What education have you taken?
I graduated from The International School of Choueifat in 2015 with Advanced Placements and O-Levels in Economics, Psychology, Biology, English, Computer Science and French. I now am in my second year at Brandon University planning to complete my Honours in History and either a minor in French or Political Science. My education outside of school includes lessons in my native language Bengali, classical South Asian dancing, and lessons in Arabic.
What accomplishments are you proud of?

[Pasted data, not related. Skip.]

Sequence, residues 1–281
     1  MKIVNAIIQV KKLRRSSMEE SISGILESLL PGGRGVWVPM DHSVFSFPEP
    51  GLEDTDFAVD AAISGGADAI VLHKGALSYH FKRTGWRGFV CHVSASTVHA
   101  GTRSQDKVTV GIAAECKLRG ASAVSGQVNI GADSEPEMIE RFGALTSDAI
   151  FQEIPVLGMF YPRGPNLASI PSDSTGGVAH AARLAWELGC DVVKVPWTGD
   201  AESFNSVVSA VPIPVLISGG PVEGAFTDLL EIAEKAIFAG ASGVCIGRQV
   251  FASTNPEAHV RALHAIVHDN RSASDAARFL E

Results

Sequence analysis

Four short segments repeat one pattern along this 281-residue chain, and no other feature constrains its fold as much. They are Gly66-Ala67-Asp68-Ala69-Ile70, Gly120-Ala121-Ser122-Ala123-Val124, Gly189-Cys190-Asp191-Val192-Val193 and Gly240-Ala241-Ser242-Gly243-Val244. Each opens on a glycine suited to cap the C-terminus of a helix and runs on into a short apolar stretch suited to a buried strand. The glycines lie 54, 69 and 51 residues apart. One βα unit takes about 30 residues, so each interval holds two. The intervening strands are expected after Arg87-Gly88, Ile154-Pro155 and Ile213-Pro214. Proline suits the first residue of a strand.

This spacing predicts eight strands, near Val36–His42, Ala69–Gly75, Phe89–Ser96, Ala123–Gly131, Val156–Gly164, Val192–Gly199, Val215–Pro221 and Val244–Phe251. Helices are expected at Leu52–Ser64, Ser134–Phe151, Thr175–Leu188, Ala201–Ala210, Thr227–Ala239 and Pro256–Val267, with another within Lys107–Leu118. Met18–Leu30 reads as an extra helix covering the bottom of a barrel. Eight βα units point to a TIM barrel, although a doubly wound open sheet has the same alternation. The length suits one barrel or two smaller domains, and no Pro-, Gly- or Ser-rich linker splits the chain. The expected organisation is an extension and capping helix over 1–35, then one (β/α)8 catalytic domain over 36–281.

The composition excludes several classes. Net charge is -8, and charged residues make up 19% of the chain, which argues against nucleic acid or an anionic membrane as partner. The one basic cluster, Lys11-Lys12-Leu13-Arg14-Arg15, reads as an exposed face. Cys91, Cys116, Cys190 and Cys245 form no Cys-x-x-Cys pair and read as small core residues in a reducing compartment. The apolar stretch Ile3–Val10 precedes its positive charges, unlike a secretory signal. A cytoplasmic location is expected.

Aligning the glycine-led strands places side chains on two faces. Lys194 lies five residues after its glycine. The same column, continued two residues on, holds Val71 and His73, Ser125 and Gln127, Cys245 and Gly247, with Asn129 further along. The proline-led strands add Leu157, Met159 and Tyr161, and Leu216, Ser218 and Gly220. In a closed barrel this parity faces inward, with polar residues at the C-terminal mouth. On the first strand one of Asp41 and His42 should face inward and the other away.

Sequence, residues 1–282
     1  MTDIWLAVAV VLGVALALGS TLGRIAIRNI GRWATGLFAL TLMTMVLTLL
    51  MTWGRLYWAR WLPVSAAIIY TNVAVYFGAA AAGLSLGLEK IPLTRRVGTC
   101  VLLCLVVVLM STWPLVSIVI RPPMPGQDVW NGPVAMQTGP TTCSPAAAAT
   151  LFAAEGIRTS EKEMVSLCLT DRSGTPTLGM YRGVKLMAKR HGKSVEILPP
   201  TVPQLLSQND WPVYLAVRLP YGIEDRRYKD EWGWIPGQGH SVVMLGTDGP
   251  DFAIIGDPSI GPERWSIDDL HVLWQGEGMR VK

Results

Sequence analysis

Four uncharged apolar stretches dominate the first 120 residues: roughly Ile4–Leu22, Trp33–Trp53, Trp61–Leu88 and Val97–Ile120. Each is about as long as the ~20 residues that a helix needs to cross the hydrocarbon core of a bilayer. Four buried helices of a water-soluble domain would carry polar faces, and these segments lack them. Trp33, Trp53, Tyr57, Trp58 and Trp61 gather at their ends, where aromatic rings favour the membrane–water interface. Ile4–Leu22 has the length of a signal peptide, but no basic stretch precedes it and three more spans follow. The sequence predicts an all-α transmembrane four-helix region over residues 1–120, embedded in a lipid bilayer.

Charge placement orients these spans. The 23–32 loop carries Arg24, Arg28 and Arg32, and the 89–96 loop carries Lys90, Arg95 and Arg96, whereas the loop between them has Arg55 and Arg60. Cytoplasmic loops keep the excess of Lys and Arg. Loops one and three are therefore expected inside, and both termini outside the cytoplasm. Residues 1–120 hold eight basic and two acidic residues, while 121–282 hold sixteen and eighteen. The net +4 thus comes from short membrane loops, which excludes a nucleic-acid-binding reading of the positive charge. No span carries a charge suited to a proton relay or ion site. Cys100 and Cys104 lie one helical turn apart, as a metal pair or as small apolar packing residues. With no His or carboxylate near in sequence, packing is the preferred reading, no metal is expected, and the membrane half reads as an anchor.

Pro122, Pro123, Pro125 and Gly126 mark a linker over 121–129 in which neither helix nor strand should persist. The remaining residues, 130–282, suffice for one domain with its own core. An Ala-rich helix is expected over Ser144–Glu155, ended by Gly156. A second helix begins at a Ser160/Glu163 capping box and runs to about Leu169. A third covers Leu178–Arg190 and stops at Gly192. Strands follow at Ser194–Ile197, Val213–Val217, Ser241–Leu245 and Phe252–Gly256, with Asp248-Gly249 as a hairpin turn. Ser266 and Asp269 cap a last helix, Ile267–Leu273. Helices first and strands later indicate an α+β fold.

Firstly, I am highly honoured to be nominated as an Exceptional Female Student by my dearest Emma Varley. I consider this a key accomplishment. I am also proud to be one of many female students in our community, city and province advocating for racial and gender equality, and combating sexual violence on university campuses. When I was 16, I was selected for a national competition to represent my school in the public speaking field. Since then, I have garnered this passion for speaking for the voiceless, to champion human rights and be an activist for a more accessible and impartial post-secondary education for all. My deep investments in the areas of social justice and inclusion would not be possible without many of the organizations I work and volunteer with.